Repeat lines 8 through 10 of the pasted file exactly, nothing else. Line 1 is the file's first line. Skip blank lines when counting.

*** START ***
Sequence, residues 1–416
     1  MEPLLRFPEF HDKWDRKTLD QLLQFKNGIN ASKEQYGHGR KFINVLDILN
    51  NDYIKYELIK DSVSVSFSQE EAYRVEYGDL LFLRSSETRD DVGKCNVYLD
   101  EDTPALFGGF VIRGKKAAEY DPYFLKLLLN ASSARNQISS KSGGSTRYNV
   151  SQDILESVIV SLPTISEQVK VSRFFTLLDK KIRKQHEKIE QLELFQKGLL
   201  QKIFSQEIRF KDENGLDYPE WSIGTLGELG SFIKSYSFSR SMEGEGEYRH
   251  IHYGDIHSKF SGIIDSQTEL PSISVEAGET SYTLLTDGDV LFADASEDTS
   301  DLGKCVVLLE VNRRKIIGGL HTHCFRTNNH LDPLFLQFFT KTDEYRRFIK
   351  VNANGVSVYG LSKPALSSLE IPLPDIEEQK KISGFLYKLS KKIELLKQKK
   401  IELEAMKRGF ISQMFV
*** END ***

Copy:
   301  DLGKCVVLLE VNRRKIIGGL HTHCFRTNNH LDPLFLQFFT KTDEYRRFIK
   351  VNANGVSVYG LSKPALSSLE IPLPDIEEQK KISGFLYKLS KKIELLKQKK
   401  IELEAMKRGF ISQMFV